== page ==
Tuesday, January 30, at 4:30 p.m., at the Cenacolo Hall of the Vicolo Valdina Complex is the opening of the exhibition “Mother Cabrini and the Pilgrim Angels,” in the works of Meo Carbone. Speakers include Anna Ascani, vice president of the Chamber, Federico Mollicone, chairman of the Culture Commission, Congressman Christian Di Sanzo, and artist Meo Carbone.

The exhibition is open to the public Monday through Friday from 11 a.m. to 7:30 p.m. – last entrance 7 p.m., entrance from Piazza di Campo Marzio 42.

We share with you the link to the live broadcast of the opening of the Mother Cabrini exhibition to be held this afternoon at 4:15 p.m. Italian time, in case you would like to connect.

The ‘display in the center of the Cenacle Hall at the Vicolo Valdina Complex is interesting.

The panels are displayed following their three-dimensionality and creating a beautiful movement, thus recalling the groups of migrants to whom Mother Cabrini lent her help.

At left is a panel with Meo Carbone’s career and a brief explanation of how the idea for the exhibition came about. At the back of the room, on the other hand, a video gives us a better insight into the figure of Mother Cabrini.


Meo Carbone says the focus of this exhibition entitled “Mother Cabrini and the pilgrim angels” is the bag that accompanied Mother Cabrini in all her travels. Cabrini had great sensitivity to others. The Pope several times recalled Mother Cabrini and for this we feel we have the Saint’s protection. In 1950, the artist later recalls, the saint became patroness of migrants. After all, he adds, ” Every man is an emigrant.” His knowledge of Mother Cabrini began when in his youth he lived near the Church of the Redeemer on via Sicilia in Rome, a church that Mother Cabrini herself had built. Carbone emphasizes how talking about Italian emigration is about always having our country’s history ahead. He also tells the artist how 30 years ago when he lived in Chicago at a time when he was passionate about Indian deities he also discovered there was an exhibition on the history of Italian emigrants. In San Benedetto del Tronto in 1946 he then began his activity. In the early phase of his artistic career related to Mother Cabrini, his paintings had a dark tone. The artist wanted to express a sense of suffering through dark colors. He then became involved in organizing exhibitions on Italian emigration. He did an exhibition at the Vittoriano Palace titled “The dream,” then in 2017 when the centenary of Mother Cabrini’s death occurred, several events were organized in Milan, Rome and Genoa. At the end of his speech Meo Carbone recalling the value of the figure of Mother Cabrini as the patron saint of migrants, an exhibition that serves not to forget our past and to educate others to be human.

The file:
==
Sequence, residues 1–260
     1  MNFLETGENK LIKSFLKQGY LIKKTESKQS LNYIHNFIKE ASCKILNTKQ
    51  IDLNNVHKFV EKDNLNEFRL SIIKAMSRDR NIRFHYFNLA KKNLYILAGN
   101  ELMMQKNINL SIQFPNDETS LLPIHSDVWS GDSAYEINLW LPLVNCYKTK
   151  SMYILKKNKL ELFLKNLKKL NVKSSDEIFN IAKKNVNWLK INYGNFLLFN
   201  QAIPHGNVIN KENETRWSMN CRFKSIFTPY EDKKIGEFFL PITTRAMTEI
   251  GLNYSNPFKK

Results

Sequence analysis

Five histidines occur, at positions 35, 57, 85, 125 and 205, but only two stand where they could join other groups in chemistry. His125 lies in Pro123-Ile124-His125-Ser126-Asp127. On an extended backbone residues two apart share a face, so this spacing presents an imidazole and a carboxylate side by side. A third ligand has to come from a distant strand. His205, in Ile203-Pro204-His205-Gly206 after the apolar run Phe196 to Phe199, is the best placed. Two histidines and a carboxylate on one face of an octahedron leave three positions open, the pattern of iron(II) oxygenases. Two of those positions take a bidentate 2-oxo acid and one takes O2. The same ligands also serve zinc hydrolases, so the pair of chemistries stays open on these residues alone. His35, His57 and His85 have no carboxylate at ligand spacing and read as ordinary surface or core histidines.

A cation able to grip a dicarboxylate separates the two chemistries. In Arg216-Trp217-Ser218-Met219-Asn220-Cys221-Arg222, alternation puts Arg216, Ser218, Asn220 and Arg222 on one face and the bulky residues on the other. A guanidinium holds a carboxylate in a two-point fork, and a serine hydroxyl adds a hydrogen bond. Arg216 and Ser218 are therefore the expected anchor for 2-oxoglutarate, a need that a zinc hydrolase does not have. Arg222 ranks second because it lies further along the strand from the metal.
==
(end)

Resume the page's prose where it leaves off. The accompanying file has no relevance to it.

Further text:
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    Sr m Ethelviva on March 12, 2024

    Mother Cabrini work is eternal in her sister who follow her Charism I am glad to these sisters May God bless them to spread His Kingdom blessings from the the Most Blessed Trinity

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